Caring for horses can become quite a chore in between seasons, when the weather is unpredictable. Recently our readers weighed in on the different ways they deal with mud in their horse’s habitat during the wet months. Six hundred people responded to our online poll, and we’ve tallied the results!

Of the 600 respondents, 161 (27%) said they use sand in their paddocks to reduce mud, while 87 (14%) responded that their horse stays stalled when it’s muddy. Another 73 individuals said they use wood chips or hogs fuel to reduce the mud. Fifty-nine people (10%) responded that they have an engineered drainage system in their paddock, and 21 respondents (4%) said they use a commercial mud prevention system in their paddocks that holds the soil and prevents mud and erosion. The remaining 199 people (33%) said they used other mud management practices.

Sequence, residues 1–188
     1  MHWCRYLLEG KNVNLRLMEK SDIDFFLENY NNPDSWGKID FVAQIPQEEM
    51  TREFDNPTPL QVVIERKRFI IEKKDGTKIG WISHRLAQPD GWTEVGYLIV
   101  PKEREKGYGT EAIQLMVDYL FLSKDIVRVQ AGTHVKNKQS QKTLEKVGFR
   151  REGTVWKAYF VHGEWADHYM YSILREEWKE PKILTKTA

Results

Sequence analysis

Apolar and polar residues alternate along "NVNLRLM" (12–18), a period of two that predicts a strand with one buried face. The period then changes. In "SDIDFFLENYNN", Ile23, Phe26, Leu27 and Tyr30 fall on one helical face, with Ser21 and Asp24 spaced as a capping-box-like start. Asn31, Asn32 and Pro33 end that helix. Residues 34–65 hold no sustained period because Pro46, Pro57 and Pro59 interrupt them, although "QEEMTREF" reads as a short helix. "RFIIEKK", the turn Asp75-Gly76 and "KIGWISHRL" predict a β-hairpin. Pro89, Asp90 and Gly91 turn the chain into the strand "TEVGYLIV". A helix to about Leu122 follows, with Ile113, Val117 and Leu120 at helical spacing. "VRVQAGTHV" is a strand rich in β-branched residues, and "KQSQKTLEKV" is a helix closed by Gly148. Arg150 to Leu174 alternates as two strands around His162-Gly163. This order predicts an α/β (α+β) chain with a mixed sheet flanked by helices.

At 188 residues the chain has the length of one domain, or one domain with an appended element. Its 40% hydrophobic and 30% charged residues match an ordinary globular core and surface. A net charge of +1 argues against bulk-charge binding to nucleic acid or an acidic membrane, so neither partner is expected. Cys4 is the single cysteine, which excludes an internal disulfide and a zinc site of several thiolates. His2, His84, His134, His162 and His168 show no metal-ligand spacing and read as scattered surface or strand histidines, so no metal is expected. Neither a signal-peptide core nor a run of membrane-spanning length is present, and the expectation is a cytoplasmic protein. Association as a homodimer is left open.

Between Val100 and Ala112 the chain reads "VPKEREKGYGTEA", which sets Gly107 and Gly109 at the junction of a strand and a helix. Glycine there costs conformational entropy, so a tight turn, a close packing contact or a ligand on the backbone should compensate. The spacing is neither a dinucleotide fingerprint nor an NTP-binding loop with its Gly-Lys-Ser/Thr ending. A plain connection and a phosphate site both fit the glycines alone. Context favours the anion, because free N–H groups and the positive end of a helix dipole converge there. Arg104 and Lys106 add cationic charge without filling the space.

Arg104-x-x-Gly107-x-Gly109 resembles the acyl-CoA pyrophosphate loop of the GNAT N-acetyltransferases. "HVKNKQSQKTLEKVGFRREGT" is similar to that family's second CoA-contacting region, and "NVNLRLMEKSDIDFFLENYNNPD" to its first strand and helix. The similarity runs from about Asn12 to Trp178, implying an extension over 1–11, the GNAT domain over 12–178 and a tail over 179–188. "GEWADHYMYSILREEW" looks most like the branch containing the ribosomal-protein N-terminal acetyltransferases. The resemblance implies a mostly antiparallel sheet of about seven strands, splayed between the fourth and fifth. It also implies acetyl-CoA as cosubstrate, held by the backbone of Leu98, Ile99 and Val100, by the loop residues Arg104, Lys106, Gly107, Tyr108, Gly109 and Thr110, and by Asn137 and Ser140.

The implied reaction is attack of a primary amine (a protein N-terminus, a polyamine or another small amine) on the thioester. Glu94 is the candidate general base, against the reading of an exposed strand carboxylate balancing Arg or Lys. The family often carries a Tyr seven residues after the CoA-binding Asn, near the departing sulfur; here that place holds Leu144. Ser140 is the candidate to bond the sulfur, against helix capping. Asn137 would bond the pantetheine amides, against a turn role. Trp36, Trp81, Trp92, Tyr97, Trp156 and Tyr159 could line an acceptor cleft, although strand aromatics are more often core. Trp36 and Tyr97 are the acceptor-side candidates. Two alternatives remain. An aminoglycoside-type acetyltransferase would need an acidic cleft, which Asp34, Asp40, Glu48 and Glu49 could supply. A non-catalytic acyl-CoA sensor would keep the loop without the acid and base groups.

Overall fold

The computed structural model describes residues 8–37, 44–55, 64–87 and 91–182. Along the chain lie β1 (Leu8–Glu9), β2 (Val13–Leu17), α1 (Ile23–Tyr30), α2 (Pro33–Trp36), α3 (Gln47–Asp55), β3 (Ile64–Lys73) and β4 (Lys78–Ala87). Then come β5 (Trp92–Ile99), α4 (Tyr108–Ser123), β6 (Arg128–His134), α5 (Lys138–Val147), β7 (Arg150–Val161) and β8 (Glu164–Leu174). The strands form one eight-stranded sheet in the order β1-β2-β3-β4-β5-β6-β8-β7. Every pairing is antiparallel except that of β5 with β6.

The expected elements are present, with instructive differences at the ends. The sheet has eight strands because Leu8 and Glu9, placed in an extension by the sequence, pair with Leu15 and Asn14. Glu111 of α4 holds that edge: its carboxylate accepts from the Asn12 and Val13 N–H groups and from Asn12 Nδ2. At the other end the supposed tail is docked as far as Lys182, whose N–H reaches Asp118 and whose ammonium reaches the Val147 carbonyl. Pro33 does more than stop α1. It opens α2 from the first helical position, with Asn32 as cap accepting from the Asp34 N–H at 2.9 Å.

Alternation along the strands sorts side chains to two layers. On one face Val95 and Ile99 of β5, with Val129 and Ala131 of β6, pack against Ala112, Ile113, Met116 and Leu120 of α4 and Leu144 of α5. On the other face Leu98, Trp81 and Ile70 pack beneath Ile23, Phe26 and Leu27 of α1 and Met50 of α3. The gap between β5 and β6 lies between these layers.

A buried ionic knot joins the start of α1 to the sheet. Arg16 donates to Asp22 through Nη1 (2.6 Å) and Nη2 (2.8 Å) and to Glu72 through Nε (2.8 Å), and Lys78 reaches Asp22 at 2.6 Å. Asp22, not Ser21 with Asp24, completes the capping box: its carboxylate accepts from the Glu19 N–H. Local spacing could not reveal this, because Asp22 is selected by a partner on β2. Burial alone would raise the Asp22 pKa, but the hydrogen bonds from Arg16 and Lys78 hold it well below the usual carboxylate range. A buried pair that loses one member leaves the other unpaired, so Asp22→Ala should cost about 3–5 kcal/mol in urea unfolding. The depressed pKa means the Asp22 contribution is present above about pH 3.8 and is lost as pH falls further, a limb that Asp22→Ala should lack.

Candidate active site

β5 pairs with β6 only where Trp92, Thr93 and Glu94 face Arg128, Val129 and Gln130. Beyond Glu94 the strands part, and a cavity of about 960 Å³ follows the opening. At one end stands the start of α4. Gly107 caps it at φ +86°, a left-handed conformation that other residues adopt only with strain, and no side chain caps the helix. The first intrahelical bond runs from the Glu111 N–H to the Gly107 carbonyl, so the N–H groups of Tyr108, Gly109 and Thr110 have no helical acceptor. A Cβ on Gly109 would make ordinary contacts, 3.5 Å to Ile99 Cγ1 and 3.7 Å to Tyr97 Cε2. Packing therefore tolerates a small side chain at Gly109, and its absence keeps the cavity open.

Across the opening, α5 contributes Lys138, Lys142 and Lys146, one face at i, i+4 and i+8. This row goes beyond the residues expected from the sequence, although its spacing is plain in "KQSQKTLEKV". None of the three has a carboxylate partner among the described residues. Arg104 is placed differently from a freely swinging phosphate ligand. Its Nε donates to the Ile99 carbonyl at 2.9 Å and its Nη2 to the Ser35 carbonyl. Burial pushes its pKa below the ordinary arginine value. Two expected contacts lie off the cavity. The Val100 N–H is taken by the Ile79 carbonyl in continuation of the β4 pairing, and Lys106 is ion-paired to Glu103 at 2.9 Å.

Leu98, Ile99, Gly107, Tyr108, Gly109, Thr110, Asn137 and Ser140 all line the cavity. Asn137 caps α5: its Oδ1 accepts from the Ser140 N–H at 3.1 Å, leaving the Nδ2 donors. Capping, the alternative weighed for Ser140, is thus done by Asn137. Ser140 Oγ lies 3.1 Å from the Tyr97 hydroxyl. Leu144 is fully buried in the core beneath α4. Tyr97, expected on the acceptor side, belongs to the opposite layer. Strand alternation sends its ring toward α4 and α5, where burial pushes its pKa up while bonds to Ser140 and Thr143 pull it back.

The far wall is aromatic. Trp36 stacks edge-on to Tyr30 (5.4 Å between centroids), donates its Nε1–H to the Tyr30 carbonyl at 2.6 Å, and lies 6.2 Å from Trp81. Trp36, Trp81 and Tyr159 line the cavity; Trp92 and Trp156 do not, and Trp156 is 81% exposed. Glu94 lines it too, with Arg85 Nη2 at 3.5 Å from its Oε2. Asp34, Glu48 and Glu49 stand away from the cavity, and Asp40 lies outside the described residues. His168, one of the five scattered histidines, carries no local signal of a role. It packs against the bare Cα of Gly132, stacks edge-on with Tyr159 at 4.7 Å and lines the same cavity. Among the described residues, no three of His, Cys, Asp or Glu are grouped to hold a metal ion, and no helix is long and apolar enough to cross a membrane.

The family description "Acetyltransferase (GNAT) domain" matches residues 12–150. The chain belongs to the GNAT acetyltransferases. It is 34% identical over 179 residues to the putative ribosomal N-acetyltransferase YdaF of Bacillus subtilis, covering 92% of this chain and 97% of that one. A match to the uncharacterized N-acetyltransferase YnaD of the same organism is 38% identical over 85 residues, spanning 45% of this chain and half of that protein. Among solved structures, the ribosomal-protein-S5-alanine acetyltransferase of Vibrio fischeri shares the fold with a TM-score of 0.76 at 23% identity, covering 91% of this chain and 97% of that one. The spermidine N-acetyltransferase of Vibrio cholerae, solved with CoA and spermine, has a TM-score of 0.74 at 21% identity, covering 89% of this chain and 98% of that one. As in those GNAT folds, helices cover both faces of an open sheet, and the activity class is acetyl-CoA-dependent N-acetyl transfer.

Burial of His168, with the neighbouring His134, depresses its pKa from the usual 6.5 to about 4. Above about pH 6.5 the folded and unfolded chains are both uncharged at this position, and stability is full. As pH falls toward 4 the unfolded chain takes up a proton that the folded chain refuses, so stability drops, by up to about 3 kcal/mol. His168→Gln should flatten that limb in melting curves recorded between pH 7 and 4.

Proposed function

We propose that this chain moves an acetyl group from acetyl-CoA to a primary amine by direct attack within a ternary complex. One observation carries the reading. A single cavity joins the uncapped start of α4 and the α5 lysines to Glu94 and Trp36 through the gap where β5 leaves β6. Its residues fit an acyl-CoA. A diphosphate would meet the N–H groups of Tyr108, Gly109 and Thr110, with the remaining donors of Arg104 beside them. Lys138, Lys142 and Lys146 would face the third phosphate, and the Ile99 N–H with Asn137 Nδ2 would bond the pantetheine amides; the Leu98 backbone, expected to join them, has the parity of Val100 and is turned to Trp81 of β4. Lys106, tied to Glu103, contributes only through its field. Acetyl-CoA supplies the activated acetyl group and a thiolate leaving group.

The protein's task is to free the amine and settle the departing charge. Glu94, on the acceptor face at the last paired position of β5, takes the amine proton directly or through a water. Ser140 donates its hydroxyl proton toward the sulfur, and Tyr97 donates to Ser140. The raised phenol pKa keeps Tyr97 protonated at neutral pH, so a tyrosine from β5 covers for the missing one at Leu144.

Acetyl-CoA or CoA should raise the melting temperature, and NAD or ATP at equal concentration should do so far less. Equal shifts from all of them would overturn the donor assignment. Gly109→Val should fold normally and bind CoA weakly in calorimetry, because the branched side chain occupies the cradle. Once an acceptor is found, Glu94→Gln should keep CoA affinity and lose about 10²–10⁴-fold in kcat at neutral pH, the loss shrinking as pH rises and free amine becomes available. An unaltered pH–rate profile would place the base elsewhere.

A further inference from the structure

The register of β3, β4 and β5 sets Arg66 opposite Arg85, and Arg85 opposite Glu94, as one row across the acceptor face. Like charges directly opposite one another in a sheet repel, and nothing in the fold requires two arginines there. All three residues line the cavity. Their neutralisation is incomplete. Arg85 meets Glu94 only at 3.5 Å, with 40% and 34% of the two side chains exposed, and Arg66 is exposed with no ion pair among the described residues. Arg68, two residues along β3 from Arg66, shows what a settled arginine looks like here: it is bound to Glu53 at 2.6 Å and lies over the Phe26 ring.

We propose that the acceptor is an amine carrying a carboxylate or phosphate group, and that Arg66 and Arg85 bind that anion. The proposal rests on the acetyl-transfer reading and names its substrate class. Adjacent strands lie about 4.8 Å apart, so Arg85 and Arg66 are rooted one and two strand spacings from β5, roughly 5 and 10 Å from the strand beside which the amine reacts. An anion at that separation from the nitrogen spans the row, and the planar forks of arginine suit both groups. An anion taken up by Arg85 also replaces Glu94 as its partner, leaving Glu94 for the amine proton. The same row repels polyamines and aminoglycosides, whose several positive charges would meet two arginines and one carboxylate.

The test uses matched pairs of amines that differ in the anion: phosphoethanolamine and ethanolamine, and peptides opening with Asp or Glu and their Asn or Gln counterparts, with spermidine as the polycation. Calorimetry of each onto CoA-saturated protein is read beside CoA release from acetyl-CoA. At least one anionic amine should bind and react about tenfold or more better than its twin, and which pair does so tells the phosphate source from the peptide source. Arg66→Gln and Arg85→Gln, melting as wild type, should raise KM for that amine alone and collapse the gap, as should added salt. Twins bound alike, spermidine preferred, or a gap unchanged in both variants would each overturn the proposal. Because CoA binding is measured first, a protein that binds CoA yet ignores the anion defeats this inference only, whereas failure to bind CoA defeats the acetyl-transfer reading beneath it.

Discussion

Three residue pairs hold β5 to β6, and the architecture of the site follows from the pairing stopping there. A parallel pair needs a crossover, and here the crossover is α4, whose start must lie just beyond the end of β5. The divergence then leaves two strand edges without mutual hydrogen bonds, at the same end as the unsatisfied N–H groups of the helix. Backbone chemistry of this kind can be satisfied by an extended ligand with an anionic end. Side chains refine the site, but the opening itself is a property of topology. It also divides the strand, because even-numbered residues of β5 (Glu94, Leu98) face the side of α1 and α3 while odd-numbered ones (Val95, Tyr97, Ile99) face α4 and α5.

Additionally, more than 90 respondents left comments about their mud management practices:

[image imageid="4296" includeTitle="false" includeSummary="false"]Readers recently weighed in on their mud management practices in's weekly online poll. [/image]

Many people commented that they use some form of gravel or rock to help manage the mud:

  • “Most of the paddock stays mud-free, but we use small rounded rocks in the areas that do get muddy.”

  • “Geotextile fabric, 6 inches of fist sized rock, then 3 to 4 inches of stone dust–it works great!”

  • “Gravel, geotext